Team Four’s corporate chef identified the rise of food halls as a trend to watch in 2020, and for good reason: There are many significant food hall projects under development throughout the US and worldwide right now, the ones in operation have a strong track record of success (only three projects have failed of the more than 100 that have opened across the U.S.), and they offer low-risk, potentially high-reward environments for restaurant operators looking to take part. If you’re considering adding food halls to your restaurant marketing plan, Touchbistro says they offer a number of benefits and can reduce the substantial risks of opening a new restaurant, such as lower startup costs, shared maintenance expenses, shared infrastructure and shorter, more flexible contracts than you would have to agree to when signing for a conventional restaurant space. Newly added restaurants can hit the ground running in a food hall, benefitting from pre-existing foot traffic and fewer up-front marketing costs. Just bear in mind that a food hall experience may challenge your brand and require you to adapt your existing menu, service approach and marketing efforts. For instance, when you’re one stall in a crowded food hall, the experience of eating your food may feel different for guests than it would in a standalone restaurant – and the hundreds of options and long queues for food can cause overwhelm for some. How can you make your food memorable and your customer experience positive when your surroundings may be beyond your control?
Many restaurant brands tend to look to millennials for hints of where foodservice trends may be heading, particularly when it comes to off-premise sales. But some recent research completed on behalf of the National Restaurant Association demonstrates that baby boomers are showing traits that operators would be wise to watch when it comes to offering food for take-out and delivery. Research conducted for the association found that 51 percent of boomers, which it defined as consumers between the ages of 55 and 73, say they aren’t ordering takeout and delivery as often as they would like. In comparison, 43 percent of millennials, consumers aged 21 to 38, shared that feeling. The data found that millennials are just about as eager to eat at a restaurant as they are to eat restaurant meals off-premise, while baby boomers are less likely to want to eat at restaurants more often – only 38 percent expressed that preference. If you’d like to fine-tune your efforts to market to boomers, consider several tactics: Provide a fair price and promote the value of your menu, since a majority of boomers will choose a restaurant based on its perceived value. Expand your breakfast menu options. Offer healthy menu choices with quality ingredients and make healthier items readily identifiable on your menu. Create new twists on classic dishes. Experiment with ethnic spices and dishes with bold flavors. Finally, when it comes to technology, offer tech-driven, mobile-friendly ordering functionality and loyalty programs that make it easy to not only place off-premise orders but also to reap rewards for continuing to order with you.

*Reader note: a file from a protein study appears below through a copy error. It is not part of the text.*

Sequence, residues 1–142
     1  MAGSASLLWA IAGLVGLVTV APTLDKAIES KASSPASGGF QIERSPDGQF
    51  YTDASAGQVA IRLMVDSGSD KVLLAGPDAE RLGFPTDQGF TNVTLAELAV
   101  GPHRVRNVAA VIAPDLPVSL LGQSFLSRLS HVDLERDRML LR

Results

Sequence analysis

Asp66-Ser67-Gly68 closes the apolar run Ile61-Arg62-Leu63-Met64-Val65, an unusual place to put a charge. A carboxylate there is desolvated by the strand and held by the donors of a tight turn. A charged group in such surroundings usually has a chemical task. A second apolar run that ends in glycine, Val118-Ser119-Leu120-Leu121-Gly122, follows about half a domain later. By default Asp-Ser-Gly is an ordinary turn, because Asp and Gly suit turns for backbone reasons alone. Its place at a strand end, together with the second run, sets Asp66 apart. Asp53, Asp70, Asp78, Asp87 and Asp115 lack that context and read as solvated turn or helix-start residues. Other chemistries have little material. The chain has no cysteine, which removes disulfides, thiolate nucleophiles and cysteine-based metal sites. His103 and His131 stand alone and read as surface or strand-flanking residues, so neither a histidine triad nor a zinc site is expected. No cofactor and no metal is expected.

From the clattering of dishes to the blaring of music to the loud conversations of guests trying to hear themselves over the din, restaurants can be noisy places. It can be enough of a turn-off that guests will avoid your business. (Case in point: There is an app called Soundprint that dubs itself the “Yelp for noise” and allows users to search for restaurants quiet enough to allow for conversation.) If the sound levels in your restaurant bother guests and employees, take some cost-effective steps to lower the volume. Toast suggests minimizing the scraping of chairs on the floors by using felt pads on chair legs. Keep music at a level where people can have a conversation without shouting. Use textiles to absorb noise – curtains, tablecloths, area rugs, and soundproof panels on walls and ceilings can all help. Finally, keep noisy food preparation equipment in the kitchen, or if you have an open-concept space, consider installing a transparent barrier between guests and food prep areas.